How do I search aircraft records?
The Aircraft Registration Inquiry contains aircraft registration information. You can also order individual aircraft records by mail, fax, or request copies of aircraft records online.
How do I schedule a visit to the Public Documents Room for aircraft records research?
To schedule your visit, contact the Aircraft Registration Branch by e-mail at: email@example.com or by telephone at (405) 954-3131. dial - U.S. Citizens must schedule their visit no less than two days before their planned arrival. - Foreign Nationals must schedule their visit three weeks before their planned arrival. On the day of your scheduled visit, check-in at the Mike Monroney Aeronautical Center, Visitors Center. A current State or Government issued photo ID is required to confirm your visit and receive a visitor's pass. If your arrival will be delayed by more than two days, you must reschedule your visit. The public documents room is open on all federal work days from 7:30 a.m. until 4:00 p.m. Central Time, and is located in the Registry Building, Room 122, 6425 South Denning Street, Oklahoma City, Oklahoma. Most reviewable data is available on the aircraft registration web site, and individual aircraft records may be ordered online.
What aircraft are eligible for registration in the United States?
Eligibility is defined in Chapter 14 Code of Federal Regulations Part 47. You can learn more about aircraft registration on our Register an Aircraft page.
What should I consider when buying a surplus military aircraft?
Certain surplus military aircraft are not eligible for FAA airworthiness certification in the standard, restricted, or limited classifications. Since you can't fly civil aircraft unless it's certificated as airworthy, you should discuss this with an FAA Aviation Safety Inspector (ASI) at your local Flight Standards District Office (FSDO). This person can advise you on airworthiness certification procedures. An additional source for advice on amateur-built and surplus military aircraft is the Experimental Aircraft Association (EAA), located in Oshkosh, WI. You can reach them at (414) 426-4800.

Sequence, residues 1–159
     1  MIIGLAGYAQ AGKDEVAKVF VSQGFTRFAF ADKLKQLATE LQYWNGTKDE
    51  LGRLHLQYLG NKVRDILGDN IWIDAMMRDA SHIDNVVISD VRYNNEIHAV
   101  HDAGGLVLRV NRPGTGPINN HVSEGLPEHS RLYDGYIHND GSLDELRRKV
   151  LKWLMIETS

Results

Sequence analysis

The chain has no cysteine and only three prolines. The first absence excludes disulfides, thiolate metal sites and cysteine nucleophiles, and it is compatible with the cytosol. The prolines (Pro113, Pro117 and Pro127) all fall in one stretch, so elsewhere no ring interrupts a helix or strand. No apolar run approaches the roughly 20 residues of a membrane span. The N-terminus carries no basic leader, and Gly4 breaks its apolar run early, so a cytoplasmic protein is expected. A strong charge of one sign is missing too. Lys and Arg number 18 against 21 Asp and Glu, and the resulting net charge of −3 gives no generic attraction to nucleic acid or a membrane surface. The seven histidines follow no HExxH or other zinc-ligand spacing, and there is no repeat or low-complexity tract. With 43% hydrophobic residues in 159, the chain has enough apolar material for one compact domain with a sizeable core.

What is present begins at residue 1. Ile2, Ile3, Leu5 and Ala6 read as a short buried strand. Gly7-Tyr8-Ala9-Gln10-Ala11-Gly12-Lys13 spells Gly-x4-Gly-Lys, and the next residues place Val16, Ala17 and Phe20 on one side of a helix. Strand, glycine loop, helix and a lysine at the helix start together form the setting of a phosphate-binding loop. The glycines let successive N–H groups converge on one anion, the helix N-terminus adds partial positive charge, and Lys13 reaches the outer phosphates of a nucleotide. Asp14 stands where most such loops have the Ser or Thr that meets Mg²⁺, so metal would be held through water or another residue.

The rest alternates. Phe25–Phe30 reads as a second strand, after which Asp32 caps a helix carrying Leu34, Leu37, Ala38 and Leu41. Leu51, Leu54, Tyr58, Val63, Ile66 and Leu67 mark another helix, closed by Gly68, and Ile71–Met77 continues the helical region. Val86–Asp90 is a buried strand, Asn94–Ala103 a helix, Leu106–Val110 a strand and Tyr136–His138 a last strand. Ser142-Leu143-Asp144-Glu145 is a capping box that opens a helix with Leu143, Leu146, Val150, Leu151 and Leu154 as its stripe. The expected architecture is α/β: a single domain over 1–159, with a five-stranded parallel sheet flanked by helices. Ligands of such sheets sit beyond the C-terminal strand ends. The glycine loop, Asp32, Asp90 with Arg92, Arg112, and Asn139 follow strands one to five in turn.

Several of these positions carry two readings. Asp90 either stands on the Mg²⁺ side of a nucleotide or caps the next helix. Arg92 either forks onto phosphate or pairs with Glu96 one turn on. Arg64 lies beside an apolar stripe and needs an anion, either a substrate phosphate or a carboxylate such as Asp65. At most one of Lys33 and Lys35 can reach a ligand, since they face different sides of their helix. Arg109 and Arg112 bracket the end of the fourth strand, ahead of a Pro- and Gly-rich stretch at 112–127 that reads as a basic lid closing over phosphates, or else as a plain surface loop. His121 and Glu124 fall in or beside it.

Can new Airworthiness Directives and Special Airworthiness Information Bulletins about my aircraft and its engines be sent to me by e-mail?
Yes! You can subscribe to ADs and SAIBs at the FAA Regulatory & Guidance Library. Current and historical ADs are also available through RGL.
How do I replace my lost or worn out Certificate of Airworthiness?
Your local Flight Standards District Office (FSDO) processes replacement airworthiness certificates.
How do I find the nearest FAA Flight Standards District Office (FSDO)?
You can use our FSDO locator to find your local FSDO office. FSDOs are also listed in the U.S. Government pages of your local telephone book under Federal Aviation Administration.
How can I find out if the Aircraft Registration Branch received my registration documents?
You can check to see if the Aircraft Registration Branch received your documents using the Document Index search.
How long does it take to process aircraft registration documents?
In compliance with statutory requirements, documents are worked in the order we receive them. We are currently processing Documents received on approximately .
How do I report my stolen aircraft?
Stolen aircraft should be reported to your local law enforcement agency. Ask that they report the theft to the National Crime Information Center, as this will initiate notifications to the appropriate government offices. If enough time has passed that the return of the aircraft is no longer expected, the owner should write to the Aircraft Registration Branch requesting that the registration for this aircraft be canceled. The request should fully describe the aircraft, indicate the reason for cancellation, be signed in ink by the owner and show a title for the signer if appropriate.
Where do N-numbers come from?
The U.S. received the "N" as its nationality designator under the International Air Navigation Convention, held in 1919. The Convention prescribed an aircraft-marking scheme of a single letter indicating nationality followed by a hyphen and four identity letters (for example, G-REMS). The five letters together were to be the aircraft's radio call sign.
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